There are albums that seems to fit certain seasons of the year specifically. I’m especially interested in albums that seem to fit Halloween, and I think I’ve found one. Telepath’s new album “Mental Mutations” released on October 18th, and it has the guts, eerie edge, and shadowy nature to be the soundtrack for my next Halloween.
I honestly don’t know much about Telepath, and I purposefully didn’t ask for more information because it seems to fit the music for me not to know. Anyways, far as I can tell, Telepath is a one-man project featuring Jacob Holm-Lupo of Norway. I believe he plays all the instruments here. I find that impressive.
The music isn’t easy to label. There are components of progressive rock, but the very core of Telepath is more along the lines of instrumental doom metal/rock with electronic elements. The overall sound is centered upon horror, as Jacob takes influence from the Giallo films of the 70s/80s in Italy. These films are mystery thrillers, but are usually firmly in the realm of horror, as well. So, the album, emulating those films, sounds mysterious, atmospheric, surreal, and grainy. Giallo films are generally pretty gruesome, and so you will hear a certain amount of hanging dread in the air as you listen.
“Mental Mutations” purposefully tries to sound retro without actually resorting to any of the tired 70s prog rock tropes you might expect. I think that is a difficult thing to accomplish, but Jacob absolutely has. So, instead, you will hear searing synth scares, gritty guitar riffs, galloping yet secretive grooves, and an ambiance that feels like something is stalking you in the night. The music can often be more about disturbing textures or gut reactions, and it really succeeds in that area. It is an unnerving experience, for sure, but I find that I absolutely enjoy it and that the music is more than just a horror simulation. The music is genuinely brilliant and even, shall I say, strangely beguiling.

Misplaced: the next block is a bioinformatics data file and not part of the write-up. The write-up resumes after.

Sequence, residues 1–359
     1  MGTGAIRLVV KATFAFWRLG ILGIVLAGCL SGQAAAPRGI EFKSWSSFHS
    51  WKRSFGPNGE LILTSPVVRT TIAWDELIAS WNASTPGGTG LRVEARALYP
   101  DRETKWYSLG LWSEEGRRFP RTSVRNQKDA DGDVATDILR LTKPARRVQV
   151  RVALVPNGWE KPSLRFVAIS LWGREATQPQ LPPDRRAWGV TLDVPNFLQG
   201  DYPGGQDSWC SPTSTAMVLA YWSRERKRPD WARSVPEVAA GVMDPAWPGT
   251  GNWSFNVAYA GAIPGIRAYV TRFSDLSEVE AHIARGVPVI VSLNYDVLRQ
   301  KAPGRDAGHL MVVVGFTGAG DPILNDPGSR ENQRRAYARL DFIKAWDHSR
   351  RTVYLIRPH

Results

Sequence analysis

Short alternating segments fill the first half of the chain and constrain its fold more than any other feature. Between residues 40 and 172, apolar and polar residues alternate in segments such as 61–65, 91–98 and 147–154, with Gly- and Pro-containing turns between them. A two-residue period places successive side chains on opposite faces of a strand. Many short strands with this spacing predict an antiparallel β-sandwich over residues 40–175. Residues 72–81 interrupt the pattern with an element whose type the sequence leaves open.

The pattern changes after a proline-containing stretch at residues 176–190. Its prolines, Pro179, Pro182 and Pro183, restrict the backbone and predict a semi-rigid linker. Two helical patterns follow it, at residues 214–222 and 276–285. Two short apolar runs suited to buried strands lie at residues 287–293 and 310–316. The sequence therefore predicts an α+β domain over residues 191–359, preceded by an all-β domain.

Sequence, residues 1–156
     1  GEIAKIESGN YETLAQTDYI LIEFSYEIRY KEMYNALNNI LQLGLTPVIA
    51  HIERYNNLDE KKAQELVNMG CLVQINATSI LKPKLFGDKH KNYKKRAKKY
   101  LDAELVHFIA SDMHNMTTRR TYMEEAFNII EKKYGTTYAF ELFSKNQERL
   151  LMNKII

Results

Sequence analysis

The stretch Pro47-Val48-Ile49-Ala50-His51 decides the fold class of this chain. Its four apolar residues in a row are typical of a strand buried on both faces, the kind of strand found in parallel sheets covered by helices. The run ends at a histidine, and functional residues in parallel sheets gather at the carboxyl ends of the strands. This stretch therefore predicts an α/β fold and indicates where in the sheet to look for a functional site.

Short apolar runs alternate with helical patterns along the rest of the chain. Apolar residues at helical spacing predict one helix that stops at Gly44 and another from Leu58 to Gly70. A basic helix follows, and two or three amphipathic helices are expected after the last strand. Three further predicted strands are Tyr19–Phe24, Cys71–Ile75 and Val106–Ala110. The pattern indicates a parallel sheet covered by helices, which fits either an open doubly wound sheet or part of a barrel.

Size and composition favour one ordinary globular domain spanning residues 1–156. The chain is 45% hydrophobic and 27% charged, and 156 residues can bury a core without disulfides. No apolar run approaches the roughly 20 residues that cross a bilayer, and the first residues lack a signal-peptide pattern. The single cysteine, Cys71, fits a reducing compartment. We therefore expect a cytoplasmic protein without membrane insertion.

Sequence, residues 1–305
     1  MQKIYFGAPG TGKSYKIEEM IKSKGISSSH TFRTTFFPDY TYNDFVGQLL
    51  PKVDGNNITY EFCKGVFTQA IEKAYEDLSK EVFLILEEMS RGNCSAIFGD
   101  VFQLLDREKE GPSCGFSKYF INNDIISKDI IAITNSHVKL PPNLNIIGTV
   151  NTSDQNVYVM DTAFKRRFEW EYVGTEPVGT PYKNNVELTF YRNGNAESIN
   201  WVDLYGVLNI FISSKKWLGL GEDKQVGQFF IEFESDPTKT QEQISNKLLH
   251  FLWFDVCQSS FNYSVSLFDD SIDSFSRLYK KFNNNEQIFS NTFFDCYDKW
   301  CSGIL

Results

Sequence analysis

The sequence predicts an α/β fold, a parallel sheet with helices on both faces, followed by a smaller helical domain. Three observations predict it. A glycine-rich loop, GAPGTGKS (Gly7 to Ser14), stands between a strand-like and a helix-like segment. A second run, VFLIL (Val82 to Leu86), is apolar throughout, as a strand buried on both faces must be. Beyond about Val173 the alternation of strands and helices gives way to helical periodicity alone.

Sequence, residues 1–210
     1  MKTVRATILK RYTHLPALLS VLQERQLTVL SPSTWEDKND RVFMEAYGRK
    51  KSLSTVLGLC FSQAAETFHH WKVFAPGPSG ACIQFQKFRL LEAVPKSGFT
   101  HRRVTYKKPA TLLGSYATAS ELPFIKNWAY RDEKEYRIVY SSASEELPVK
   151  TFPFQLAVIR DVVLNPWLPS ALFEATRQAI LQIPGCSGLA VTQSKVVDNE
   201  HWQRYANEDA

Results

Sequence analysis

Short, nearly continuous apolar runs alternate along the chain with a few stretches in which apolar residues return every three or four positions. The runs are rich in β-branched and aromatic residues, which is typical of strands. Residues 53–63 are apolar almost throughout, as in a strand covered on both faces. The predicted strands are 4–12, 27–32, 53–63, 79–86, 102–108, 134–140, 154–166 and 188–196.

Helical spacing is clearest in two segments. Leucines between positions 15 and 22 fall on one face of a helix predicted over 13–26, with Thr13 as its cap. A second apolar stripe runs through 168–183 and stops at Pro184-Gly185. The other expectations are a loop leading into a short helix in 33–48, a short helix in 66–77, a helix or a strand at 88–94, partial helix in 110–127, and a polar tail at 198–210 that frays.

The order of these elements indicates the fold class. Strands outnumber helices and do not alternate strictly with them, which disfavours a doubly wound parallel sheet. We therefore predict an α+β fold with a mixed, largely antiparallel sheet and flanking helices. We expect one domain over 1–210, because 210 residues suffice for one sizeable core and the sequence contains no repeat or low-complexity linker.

Most of the songs seem to be trying to hit a certain feeling or texture, and so the feelings within songs like “Mourner’s Hill” or “Escape from the Witch House” can almost be understood by their titles before you even hear them. There are a few standouts for me, too. “Tyrellian” is almost fully atmospheric and electronic in nature. Synth whips and burgeons in almost unnatural ways, and an even more un-organic beat emerges in the second half that is both catchy and off-kilter. “Bad Machine” is another favorite, and is an absolutely brilliant song with a deep, guttural groove played right up against a higher pitched keyboard melody. It marches incessantly and triggers the furthest corners of your mind.
My favorite, though, is “No More Wishes”. It hits in the middle of the album, and it is the only song with vocals. Honestly, I want more songs like this one, even a whole album. The music plays more into the rock/metal side of things with a decidedly creepy and doomy vibe, and the vocals are searing hot coals of distorted fire. Your hairs will stand on end as it slogs forward in domineering and elegant fashion. Oh, and the chorus is impossibly catchy.
Telepath has a genuinely great album here. “Mental Mutations” has unsettling mood, yet also stunning musicality. You won’t feel the need to give up on one or the other in order to enjoy this thematic album. It really is the perfect soundtrack for the darkening days of autumn.